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Tandem Powered offers a full suite of Professional Resume Writing, Career Development, and HR / Business Consulting services.

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Tandem Powered's blog is dedicated to empowering readers by highlighting best practices in the arena of resume writing, career development, and organizational effectiveness, as well as by providing readers with an insider's view of the corporate hiring process.

Communicating Your Level of Technical Expertise on a Resume

Kent Nolen

Q: Should the skills section of a resume include levels of proficiency?  I am vaguely familiar with a certain programming language, but I am afraid that if I list it, people will think I am an expert. A: For the most part, I recommend that your technical skills section include just relevant technologies with which you have a certain (higher) level of expertise.  In this case you don’t need to outline your skill level – it can be assumed that you’re fully proficient in all technologies you are listing.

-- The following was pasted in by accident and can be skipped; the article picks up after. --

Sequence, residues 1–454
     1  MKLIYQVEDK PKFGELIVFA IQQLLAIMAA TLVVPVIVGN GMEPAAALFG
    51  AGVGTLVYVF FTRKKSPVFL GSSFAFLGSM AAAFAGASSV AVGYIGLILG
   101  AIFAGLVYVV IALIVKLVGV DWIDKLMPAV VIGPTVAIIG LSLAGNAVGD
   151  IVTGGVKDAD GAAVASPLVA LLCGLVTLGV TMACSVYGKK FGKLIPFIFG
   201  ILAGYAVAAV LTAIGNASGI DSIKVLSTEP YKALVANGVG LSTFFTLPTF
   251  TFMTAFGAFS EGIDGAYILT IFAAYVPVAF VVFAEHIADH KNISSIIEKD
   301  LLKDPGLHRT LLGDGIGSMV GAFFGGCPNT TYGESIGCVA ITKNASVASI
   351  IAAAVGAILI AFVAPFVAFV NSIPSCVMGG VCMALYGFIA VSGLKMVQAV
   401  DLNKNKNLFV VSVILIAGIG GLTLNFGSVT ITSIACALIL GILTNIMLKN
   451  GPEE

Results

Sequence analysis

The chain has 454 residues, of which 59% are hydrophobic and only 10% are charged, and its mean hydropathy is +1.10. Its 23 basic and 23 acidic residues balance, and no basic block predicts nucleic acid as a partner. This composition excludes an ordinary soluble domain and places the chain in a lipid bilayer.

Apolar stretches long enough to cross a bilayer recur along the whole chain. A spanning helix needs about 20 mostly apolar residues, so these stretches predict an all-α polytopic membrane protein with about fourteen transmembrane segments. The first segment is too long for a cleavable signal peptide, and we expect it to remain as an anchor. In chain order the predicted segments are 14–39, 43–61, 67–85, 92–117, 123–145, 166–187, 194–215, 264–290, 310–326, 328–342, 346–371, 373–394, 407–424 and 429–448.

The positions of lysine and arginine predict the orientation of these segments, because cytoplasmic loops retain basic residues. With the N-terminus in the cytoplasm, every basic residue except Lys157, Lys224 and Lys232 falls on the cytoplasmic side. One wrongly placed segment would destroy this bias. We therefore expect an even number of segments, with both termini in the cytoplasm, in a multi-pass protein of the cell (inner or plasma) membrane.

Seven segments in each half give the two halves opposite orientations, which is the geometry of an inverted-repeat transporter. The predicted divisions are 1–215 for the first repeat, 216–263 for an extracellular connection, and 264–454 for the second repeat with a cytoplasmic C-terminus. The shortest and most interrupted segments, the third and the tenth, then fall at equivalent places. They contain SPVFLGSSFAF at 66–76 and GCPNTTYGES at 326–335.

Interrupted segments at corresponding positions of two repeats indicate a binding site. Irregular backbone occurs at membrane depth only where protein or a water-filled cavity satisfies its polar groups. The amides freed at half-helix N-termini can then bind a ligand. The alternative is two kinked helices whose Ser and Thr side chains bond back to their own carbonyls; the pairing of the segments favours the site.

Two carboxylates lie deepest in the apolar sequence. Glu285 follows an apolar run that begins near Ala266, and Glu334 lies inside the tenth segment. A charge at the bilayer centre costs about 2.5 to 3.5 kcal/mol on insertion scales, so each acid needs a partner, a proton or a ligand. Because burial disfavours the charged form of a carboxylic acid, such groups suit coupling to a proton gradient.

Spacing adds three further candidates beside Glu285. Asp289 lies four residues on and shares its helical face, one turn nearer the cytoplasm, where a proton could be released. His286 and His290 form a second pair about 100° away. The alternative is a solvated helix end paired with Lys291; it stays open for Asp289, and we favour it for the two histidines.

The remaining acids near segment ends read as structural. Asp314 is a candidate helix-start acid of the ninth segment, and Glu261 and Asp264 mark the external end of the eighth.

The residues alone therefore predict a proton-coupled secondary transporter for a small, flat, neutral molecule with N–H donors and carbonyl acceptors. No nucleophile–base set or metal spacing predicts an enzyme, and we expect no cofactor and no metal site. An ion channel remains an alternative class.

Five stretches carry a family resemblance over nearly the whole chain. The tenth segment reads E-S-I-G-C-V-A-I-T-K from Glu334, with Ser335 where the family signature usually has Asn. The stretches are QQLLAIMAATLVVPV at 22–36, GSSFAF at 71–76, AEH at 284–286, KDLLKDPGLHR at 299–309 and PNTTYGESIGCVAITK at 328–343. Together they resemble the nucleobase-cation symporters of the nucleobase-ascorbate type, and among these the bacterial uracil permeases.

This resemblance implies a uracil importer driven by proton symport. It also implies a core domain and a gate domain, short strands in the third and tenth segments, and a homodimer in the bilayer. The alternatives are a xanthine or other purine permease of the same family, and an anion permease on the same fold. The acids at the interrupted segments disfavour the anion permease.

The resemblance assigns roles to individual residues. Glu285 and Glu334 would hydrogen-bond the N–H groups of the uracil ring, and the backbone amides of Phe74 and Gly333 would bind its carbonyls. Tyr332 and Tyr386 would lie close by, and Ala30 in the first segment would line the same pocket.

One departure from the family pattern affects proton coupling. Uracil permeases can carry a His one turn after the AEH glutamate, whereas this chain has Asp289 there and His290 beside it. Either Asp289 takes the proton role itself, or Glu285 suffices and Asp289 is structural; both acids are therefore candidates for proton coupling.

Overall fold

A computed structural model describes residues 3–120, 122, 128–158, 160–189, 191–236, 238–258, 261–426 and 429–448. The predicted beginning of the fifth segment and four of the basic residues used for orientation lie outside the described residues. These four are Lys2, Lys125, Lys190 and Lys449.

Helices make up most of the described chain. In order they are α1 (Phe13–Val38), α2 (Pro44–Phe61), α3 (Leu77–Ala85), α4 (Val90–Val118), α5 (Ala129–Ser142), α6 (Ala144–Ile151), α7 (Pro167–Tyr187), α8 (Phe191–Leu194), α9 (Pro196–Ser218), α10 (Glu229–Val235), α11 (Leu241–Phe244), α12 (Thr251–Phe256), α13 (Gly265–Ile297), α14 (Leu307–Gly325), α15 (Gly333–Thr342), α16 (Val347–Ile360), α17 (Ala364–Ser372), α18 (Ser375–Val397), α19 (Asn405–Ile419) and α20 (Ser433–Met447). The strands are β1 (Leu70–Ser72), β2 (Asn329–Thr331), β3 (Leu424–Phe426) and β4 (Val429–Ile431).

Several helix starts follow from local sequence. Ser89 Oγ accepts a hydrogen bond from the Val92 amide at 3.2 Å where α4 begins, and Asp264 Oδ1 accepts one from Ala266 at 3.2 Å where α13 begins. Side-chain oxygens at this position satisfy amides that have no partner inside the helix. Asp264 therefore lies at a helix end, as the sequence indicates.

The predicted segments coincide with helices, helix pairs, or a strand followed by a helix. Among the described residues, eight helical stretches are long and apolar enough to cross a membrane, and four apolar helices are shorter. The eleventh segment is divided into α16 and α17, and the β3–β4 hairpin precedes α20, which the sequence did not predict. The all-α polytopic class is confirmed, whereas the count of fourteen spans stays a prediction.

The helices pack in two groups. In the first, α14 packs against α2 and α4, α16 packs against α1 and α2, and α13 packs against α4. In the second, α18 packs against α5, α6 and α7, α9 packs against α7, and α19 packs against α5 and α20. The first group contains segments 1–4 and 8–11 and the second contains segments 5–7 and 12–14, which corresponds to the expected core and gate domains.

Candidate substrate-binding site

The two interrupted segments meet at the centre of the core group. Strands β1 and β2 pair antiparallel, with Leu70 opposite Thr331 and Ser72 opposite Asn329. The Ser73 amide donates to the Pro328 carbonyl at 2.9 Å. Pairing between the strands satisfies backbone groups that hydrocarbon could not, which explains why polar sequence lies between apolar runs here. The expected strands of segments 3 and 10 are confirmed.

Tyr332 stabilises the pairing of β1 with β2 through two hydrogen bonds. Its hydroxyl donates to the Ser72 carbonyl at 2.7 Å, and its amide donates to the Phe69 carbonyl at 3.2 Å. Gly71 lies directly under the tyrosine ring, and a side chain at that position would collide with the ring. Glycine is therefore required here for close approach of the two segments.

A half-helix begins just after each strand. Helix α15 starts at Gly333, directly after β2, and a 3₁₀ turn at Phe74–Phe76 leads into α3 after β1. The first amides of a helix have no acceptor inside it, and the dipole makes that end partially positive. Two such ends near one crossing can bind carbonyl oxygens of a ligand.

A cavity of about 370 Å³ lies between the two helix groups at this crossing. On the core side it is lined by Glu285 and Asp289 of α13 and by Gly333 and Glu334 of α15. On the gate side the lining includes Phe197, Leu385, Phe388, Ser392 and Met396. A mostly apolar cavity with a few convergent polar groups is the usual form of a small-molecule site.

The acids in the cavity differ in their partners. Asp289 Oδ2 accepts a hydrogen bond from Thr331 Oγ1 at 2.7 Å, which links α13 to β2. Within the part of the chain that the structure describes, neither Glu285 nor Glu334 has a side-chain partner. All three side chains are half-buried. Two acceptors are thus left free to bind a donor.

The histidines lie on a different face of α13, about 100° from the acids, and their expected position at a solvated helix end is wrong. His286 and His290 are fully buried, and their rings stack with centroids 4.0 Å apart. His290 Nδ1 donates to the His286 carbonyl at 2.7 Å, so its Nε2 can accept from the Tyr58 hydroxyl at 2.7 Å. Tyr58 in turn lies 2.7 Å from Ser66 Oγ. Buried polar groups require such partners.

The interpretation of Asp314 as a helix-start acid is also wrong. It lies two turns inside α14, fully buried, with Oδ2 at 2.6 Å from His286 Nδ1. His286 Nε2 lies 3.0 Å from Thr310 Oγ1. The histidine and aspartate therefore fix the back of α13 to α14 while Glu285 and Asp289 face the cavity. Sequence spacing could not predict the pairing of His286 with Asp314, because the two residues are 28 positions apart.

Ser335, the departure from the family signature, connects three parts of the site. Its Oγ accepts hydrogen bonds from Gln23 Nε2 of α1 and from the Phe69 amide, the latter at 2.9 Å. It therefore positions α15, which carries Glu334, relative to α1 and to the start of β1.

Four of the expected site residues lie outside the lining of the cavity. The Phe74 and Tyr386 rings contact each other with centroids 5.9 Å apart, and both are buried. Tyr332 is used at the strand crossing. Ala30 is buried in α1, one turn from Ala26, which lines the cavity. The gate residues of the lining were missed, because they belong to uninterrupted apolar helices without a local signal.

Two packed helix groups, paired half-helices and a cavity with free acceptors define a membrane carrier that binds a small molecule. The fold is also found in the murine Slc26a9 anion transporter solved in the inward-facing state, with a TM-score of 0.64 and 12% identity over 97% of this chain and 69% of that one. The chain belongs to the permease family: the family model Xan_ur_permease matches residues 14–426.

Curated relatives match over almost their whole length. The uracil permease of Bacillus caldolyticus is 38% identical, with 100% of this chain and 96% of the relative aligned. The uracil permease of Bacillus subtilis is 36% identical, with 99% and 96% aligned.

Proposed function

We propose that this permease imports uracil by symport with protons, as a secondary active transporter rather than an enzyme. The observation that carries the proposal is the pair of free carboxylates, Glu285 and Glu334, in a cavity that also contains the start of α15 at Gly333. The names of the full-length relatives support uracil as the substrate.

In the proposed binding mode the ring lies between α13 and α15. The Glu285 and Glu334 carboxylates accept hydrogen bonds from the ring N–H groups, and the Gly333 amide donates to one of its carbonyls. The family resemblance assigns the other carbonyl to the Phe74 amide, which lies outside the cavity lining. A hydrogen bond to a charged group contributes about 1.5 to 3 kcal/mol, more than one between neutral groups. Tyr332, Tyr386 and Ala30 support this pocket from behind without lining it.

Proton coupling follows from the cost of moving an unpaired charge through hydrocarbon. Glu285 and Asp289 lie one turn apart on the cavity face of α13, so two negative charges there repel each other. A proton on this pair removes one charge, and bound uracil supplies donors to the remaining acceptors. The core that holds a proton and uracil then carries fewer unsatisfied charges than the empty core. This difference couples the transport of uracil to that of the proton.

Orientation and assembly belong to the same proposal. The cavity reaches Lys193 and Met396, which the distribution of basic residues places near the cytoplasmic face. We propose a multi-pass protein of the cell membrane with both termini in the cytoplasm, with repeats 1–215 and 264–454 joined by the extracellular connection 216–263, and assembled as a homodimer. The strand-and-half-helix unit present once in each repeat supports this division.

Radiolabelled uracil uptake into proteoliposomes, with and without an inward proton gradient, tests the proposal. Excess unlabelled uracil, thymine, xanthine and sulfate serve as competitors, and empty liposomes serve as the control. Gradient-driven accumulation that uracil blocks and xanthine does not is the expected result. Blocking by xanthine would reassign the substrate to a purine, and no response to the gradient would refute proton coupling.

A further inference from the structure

If you find that you need to include technologies that don’t fall in the “expert or darn near close” arena, than you need to qualify them.  This is especially true if you are applying for positions that require a certain level of proficiency.  In that case, you can simply list your level of proficiency next to the technology.

Having said all that, the most effective way to communicate a level of expertise is to provide a specific example of how you have used a certain technology.  Qualifiers are subjective – your “expert” could be someone else’s “intermediate” – so placing your skills in context (via strong bullets associated with each position) is a clear way to show your level of proficiency.